During the day the Red Light District is rather peacefully asleep, giving its space to the crowds of tourists penetrating the town in the search of amazing things to see and do. The labyrinth of water canals and countless number of bridges resemble Venice and the best way to admire it is to get on a boat and let the skilled boatmen show you around. Then walk, trying to avoid extensive bike traffic, from one side of the canal to another, admiring high and equally old buildings with the stairs so narrow that any furniture you can find in them today has to be lifted up and delivered through the wide windows with the use of a hook attached to the roof.
Amsterdam has always been full of controversy. Even today – the hidden in the 17 century canal house church not only adjoined the Red Lights District area but is sitting in the middle of it! When I was visiting Rome and recently Bologna and Venice, the churches over there were surprising with theirs lavish insides, presenting themselves with a rather boring and predictable insides. In Amsterdam this is taken even a step further.
For the Catholics a lot has changed in 1578. The country became Protestant and the Catholic churches were not welcomed in the public space anymore. But the Dutch were always highly tolerant and as long as people were not trying to force their views against the “obligatory” once, anyone was allowed to worship like they wanted in their own houses.
A wealthy merchant by name of Jan Hartman sized the opportunity and came up with an ingenious idea of building the church in his own house. He bought a canal house plus two houses behind it and build a church in the attic, using the rest of the property as a living quarters and storage space.
When we talk about his church we are not talking about a small room in the attic, with a small altar and few chairs for the family to worship together, we are talking about huge chapel occupying the attic belonging not only to the mail canal house, but to two more houses adjoined together. We are taking about perhaps one of the biggest churches hidden away from the public eyes, not recognizable from the outside completely. That is what taking the “I do not care about the outside” attitude to the next level means!
After crossing the door you will find yourself inside the typical canal house, with typical for that period furniture and floors. The stairs are not taking much space and you can easily guess why the possibility of taking furniture upstairs in a usual way was simply not possible and why the huge windows were essential. Plus the hook of course.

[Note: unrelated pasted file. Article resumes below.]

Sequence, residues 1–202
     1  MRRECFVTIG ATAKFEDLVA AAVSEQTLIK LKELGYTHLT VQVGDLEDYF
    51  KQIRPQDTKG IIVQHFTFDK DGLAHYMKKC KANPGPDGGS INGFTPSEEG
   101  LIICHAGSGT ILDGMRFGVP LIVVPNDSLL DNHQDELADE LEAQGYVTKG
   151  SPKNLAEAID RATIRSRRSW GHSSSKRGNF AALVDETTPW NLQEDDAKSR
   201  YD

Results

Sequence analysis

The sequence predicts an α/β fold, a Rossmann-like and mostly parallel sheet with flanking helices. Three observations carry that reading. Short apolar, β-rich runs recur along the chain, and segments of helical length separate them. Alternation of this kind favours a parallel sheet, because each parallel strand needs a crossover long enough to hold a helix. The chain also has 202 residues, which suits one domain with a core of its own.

The church itself is charmingly pink and surprisingly this colour suites it quiet well. Almost 150 people could be seated during the mass, praying together hidden from the public eye. Lavishly decorated in the Dutch classical style the church shows of the marble columns and beautiful painting of the Baptism of Christ (1716) by Jacob de Wit. The gallery allowed looking from the top towards amazing alter, creating a sacred space available to the few chose once.
We were quiet lucky to be there practically on our own, having a great opportunity to wander around not only the church but the living quarters too. The rooms were wide and full of colours, with extremely high ceilings and unique huge windows, allowing bigger furniture to be lifted up and fitted as necessary. Lavishly decorated drawing room was a centre of jealousy to anyone who was visiting Jan Hartman and cleverly build bed allowed comfortable and warm sleep during the winter months.
The hidden church is one of the place which can take your soul away, amazingly squeezed and at the same time making the best use of the space provided by Hartman. The place is quirky and beautiful, and the colour chosen by the owner of the house equally surprising. We left the space feeling that the pink is a new black for the churches interiors!
How to find a church, when is it open and how much are the tickets – head straight to the source here! And remember – it is free to see if you have your city card handy.